Portland Fruit Beer Fest

Being a beer writer absolutely has its perks. Today, I was honored to attend the media preview for the 3rd annual Portland Fruit Beer Fest, set to take place June 8th and 9th at Burnside Brewing.

I was never really a fruit beer guy. I tried Shock Top shortly after I turned 21; it gave me a headache and I haven’t tried it since. But, the offer was out there and I took it. I was absolutely surprised by the quality of beers the brewers brought.

Empty Glasses

They started by offering the beer from the host brewery, Burnside Brewery. I had just arrived as they were handing out samples, so I didn’t catch the name. But, it was a great, rich beer with blueberry and fig notes. I overhead that it was aged in Pacific Rum Barrels for two months. Relatively crisp but full of flavor. The nose hits you with deep fig and blueberry notes and the aging really makes it a smooth, enjoyable drink.

They followed with a Hopworks collaboration with Hop-o-matic brewing called Tiger Tonic. The brewmaster presenting the beer said that with this beer, they were “looking for an alternative to hops,” so that’s how they landed at this one: a stunning tropical medley comprising passion fruit, pineapple, and mango, graced with citra, nelson sauvin, galaxy, and meridian hops. In my opinion, this was the best beer I tried at the event. I highly encourage grabbing a glass of it. Sitting at about 5.3% ABV, it’s a nice session.

Next up was Alameda brewing’s Alamosa. They used their Portland Pilsner as a base and added citrus (lemon, orange peel, orange juice) to make this concoction. It came out tasting weak, flat-tasting, and a bit like watered-down orange juice. I expected more from them. A better version of the Alamosa was Upright Brewing‘s citrus, barrel-aged belgian brewed with Saison (dry) yeast and citrus (blood and sevilla orange with some grapefruit). It was pretty low hopped and surprisingly full-bodied with a strong, sweet nose. Check this one out.

Then, the cider came out. I was disappointed with Two Town‘s Rhubarbarian, hitting the shelves today. The nose reeked of plastic or something unnatural, and the taste was off. It was a bummer—I was excited for this one. But, I”m sure they will tweak the recipe and get a better one back to us. They also gave us samples of the Made in Marion, which I liked in moderation. I couldn’t imagine drinking a whole 22 of that one.

Next, a newcomer came along in the form of Lompoc brewing—I had never heard of them before this event. But, he brought along with him a sour cherry, willamette hopped beer that has been in the works since 2011. He fermented it, aged it in port barrels for three months, then left it alone until now. The beer was extremely complex and an experience all around. Highly malty, but rounded out by the barrel aging and sour cherries, this one shouldn’t be missed.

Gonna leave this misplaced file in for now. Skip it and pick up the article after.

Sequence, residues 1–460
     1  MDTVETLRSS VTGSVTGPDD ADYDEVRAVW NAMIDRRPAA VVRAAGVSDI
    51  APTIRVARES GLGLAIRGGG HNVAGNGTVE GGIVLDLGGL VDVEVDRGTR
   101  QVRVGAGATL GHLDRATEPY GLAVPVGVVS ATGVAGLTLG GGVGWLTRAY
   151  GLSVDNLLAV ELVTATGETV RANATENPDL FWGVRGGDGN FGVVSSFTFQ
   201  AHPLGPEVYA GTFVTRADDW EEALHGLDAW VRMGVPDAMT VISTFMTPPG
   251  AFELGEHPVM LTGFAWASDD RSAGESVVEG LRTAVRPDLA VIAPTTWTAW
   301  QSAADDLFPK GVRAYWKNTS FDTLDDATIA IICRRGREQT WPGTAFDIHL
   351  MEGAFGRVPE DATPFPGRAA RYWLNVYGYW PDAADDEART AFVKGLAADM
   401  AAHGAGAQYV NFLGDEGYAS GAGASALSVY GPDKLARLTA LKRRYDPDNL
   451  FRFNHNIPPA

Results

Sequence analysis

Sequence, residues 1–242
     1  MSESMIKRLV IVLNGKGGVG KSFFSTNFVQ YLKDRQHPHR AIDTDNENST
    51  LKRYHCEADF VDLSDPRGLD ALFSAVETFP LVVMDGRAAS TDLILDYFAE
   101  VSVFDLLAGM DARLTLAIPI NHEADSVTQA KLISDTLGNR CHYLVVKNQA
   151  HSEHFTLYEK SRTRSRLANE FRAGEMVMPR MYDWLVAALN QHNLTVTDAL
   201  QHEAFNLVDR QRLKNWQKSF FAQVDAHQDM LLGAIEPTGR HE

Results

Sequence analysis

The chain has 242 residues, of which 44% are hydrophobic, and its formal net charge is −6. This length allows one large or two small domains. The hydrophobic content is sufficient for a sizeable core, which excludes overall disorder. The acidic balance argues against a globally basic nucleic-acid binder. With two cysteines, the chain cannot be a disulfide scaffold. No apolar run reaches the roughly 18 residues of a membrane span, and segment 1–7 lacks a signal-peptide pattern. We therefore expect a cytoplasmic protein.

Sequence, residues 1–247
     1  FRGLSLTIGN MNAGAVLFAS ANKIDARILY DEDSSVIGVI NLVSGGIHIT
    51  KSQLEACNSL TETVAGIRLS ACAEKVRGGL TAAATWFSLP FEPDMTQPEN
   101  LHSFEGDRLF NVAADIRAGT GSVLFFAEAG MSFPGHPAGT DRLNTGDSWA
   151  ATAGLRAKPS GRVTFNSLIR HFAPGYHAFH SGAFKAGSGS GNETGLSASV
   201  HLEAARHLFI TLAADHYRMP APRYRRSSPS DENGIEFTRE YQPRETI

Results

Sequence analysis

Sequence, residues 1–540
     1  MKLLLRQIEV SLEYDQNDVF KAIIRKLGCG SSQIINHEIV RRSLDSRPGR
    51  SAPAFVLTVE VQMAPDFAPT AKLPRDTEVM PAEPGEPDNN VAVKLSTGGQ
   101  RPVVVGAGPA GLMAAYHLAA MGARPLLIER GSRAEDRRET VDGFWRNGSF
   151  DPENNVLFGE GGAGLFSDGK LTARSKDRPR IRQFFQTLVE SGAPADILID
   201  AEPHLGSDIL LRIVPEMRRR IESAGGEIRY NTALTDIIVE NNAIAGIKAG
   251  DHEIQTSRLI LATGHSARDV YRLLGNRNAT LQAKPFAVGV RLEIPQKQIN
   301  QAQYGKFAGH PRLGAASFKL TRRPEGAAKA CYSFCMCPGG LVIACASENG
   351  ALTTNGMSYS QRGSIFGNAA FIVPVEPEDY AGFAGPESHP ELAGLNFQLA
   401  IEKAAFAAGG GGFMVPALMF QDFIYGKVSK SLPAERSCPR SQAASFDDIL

Widmer brought a extremely tart pomegranate Berliner Weiße that started with a thick nose but kicked your taste buds into shape, leaving your mouth watering uncontrollably. Wasn’t good, wasn’t bad.

It was rumored that Oakshire was bringing a strawberry farmhouse ale, which sounds amazing. I’m going to keep my eye out for it. Also, Burnside hinted at a lime kölsch with coconut…key lime pie, anyone? New Belgium is allegedly bringing back some sour, barrel aged beers that a couple of brewers squealed about.

The Commons Brewery gets the award for the biggest risk, and coincidently gets the award for biggest reward. Their concoction, Bier Royale (he knows it’s the German “bier” with the French “royale,” don’t worry), is the brainchild of brewmaster Sean, who put a “dallop” of Nancy’s Plain Yogurt in with black currant syrup—modeled after the popular French cocktail “Kir Royale.” The presence of the yogurt is very clearly evident in both the nose and the taste, along with the subsequent mouthfeel. It feels a bit like you’ve finished a yogurt cup after you’ve taken a drink. The black currant is present, both in appearance and flavor. They used their Urban Farmhouse Ale as their base, making this one near-or-at the top of the list of those that you need to try during the weekend.

There will also be food served by Burnside’s restaurant attachment, as well as ice cream and woodfired pizza. Ezra, the event coordinator, predicts 21 different beers being there all together. Plus, this year they are adding an extra feature if you’re feeling extra fruity—you can pay a bit extra and go a couple of hours early (an alcoholic-like 10:00 a.m., but I mean it’s fruit beer…like breakfast right?) and get first attack at the taps as well as a couple of special taps. $20 bucks will get you a gold-flaked tasting glass and 12 tickets (good for about 6, 6oz tasters or three full pints). Extra tickets are going to be a dollar. If you want the early-bird VIP treatment, you’ll pony up 28 bucks total for the glass and 17 tickets total.

For more information, check out the website for the festival. It’s supposed to be nice (says the way-too-early weatherman), and nothing says nice weather like tangy fruit beer.

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